Updated 4:59 p.m.
The Roman Catholic Diocese of Sacramento on Tuesday released the names of 46 clergy credibly accused of abusing more than 130 minors and young adults since 1950.
“This accounting had to be done; I need to own and atone for what happened in the Church’s name,” Bishop Jaime Soto wrote in a statement. “I have to be accountable to God and his people. That can only be done where there is transparency.”
The diocese has published the full list on its website, with information on the clergy and details on the alleged abuse. Overall, 44 priests and two permanent deacons were included.
The clergy were in churches not only in Sacramento, but also from Redding and Vacaville to Angels Camp and several local schools, including St. Francis and Jesuit high schools. The earliest report of abuse dates back to 1955, with the most recent in 2014.
No clergy accused of abuse are still with the diocese.
It is the first time the church has released such a list and it “is as complete as a list could be” at this time, according to Kevin Eckery, spokesman for the Catholic Diocese of Sacramento.
He says the church changed to a zero-tolerance policy in 2002 and added other measures to prevent sex offenders from other diocese from gaining access.
"If you're a priest, if you're a teacher, if you're a staffer, if you're a volunteer, you get finger-printed and background-checked before you're put around kids," he said.
Eckery says all staff must undergo training every three years, with instructors looking for anything that could indicate grooming behavior by clergy with the purpose of pursuing a sexual relationship once a child becomes an adult.
Many of the priests included in the list have died. But two of the most frequent offenders — Gerardo Beltran Rico and Francisco Javier Garcia — are still presumed alive and in hiding in Mexico. The two, along with Mario Blanco Porras, are believed responsible for 60 of the reports, nearly half the total.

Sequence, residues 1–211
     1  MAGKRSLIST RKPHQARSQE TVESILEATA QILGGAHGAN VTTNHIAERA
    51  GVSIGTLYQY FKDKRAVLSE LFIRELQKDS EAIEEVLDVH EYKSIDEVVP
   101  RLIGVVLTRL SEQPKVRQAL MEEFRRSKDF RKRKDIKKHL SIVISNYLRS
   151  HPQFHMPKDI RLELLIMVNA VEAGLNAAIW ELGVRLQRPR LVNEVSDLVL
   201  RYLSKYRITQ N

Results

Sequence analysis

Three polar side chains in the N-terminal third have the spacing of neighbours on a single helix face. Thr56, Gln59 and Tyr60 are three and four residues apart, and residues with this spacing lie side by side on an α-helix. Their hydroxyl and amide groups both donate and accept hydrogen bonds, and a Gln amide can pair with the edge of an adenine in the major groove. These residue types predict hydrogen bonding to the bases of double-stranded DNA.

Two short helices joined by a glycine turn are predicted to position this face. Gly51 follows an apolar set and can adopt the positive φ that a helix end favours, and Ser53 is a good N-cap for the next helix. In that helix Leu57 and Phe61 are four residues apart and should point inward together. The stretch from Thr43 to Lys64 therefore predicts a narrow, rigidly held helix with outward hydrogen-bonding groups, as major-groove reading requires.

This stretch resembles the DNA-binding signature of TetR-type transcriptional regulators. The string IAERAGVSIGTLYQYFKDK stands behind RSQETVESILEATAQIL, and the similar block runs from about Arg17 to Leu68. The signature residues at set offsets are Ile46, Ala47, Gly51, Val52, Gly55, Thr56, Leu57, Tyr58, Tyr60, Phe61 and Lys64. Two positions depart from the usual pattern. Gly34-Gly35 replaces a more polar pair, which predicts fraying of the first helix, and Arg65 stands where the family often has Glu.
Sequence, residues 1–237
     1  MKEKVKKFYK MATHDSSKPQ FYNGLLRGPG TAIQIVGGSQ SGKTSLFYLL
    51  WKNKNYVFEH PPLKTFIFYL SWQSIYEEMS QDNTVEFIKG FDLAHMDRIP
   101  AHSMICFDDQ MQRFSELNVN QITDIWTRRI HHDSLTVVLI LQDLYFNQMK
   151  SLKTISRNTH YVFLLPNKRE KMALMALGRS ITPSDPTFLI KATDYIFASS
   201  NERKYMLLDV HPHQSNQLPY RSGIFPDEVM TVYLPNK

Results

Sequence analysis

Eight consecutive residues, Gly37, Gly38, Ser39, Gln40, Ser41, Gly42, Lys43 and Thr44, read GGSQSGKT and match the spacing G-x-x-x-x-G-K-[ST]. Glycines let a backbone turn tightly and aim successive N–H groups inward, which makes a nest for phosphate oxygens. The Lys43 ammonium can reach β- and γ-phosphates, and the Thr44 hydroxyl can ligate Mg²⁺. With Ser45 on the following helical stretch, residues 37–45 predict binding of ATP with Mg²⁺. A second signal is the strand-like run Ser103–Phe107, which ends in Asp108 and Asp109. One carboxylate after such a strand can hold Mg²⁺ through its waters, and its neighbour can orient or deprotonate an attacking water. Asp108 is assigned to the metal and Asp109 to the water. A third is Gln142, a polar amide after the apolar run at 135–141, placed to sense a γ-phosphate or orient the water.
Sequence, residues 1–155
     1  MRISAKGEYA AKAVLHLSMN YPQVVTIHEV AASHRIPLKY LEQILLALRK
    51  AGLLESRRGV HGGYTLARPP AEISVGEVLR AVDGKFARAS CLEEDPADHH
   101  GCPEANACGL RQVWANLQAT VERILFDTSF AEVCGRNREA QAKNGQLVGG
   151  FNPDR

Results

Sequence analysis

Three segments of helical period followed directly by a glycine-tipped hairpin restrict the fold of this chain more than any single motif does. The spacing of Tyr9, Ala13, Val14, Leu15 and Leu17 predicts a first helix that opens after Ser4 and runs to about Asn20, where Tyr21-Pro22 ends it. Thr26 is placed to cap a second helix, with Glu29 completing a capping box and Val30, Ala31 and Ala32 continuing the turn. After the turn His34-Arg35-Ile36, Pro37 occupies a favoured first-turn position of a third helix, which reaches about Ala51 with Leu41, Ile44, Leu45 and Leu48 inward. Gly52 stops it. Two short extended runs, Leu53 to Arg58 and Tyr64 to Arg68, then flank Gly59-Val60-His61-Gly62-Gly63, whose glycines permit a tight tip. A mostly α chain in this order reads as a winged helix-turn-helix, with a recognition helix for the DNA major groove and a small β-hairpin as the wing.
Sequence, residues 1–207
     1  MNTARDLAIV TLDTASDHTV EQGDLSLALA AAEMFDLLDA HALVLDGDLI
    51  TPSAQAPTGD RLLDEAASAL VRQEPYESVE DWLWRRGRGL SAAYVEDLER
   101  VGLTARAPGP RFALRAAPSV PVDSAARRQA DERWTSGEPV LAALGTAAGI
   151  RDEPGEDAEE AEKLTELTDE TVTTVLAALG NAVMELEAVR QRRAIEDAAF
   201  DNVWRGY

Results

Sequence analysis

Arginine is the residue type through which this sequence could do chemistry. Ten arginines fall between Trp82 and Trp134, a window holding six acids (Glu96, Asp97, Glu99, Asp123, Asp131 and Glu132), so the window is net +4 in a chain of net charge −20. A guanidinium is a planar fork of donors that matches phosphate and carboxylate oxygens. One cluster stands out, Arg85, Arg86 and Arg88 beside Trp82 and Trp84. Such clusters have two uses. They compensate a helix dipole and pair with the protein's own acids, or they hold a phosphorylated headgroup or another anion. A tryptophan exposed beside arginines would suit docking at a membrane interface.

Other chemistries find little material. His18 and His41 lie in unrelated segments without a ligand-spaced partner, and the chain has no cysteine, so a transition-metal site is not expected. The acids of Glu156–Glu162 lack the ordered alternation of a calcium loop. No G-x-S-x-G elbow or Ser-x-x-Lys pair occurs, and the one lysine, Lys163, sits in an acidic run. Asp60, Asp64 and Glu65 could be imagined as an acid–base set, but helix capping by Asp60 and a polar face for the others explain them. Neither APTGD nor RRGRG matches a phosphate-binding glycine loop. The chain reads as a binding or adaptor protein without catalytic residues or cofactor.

Joe Piscitelli, with the Survivors Network of those Abused by Priests, says the release of information is a step in the right direction for the church, but it's also too little too late.
"They should have released the names of the priests a long time ago as the accusations rolled in," Piscitelli said. "They've allowed and enabled predators to escape justice and escape criminal prosecution and escape civil lawsuits. Their list today I think is disingenuous."
Since 2002, the diocese has paid more than $50 million in sex abuse settlements, including $35 million to settle 33 claims in 2005. The church recommends anyone with a complaint file one first with law enforcement, and then with the church.
After a noon mass at the Cathedral of the Blessed Sacrament in downtown Sacramento, Catholic Wynette Sills said this is a "difficult and painful day" and a reminder that parents must be vigilant.
"I still trust in the Catholic Church, yet acknowledge the failings, shortcomings and terrible behavior of some of the human representatives within our faith,” Sills said.
The list was compiled by former FBI agent Dr. Kathleen McChesney, the founding administrator of the Office of Child Protection at the U.S. Conference of Catholic Bishops in Washington, D.C., and her consulting firm headed the examination. Investigators looked at personnel records for nearly 1,500 bishops, priests and permanent deacons.
Eckery says the church is considering the establishment of a private fund to help reimburse victims who have not yet come forward.
The diocese represents more than 1.3 million people over an area stretching from Sacramento to the Oregon border.
Correction: A previous version of this story incorrectly stated the number of instances of abuse. The diocese reported 130.
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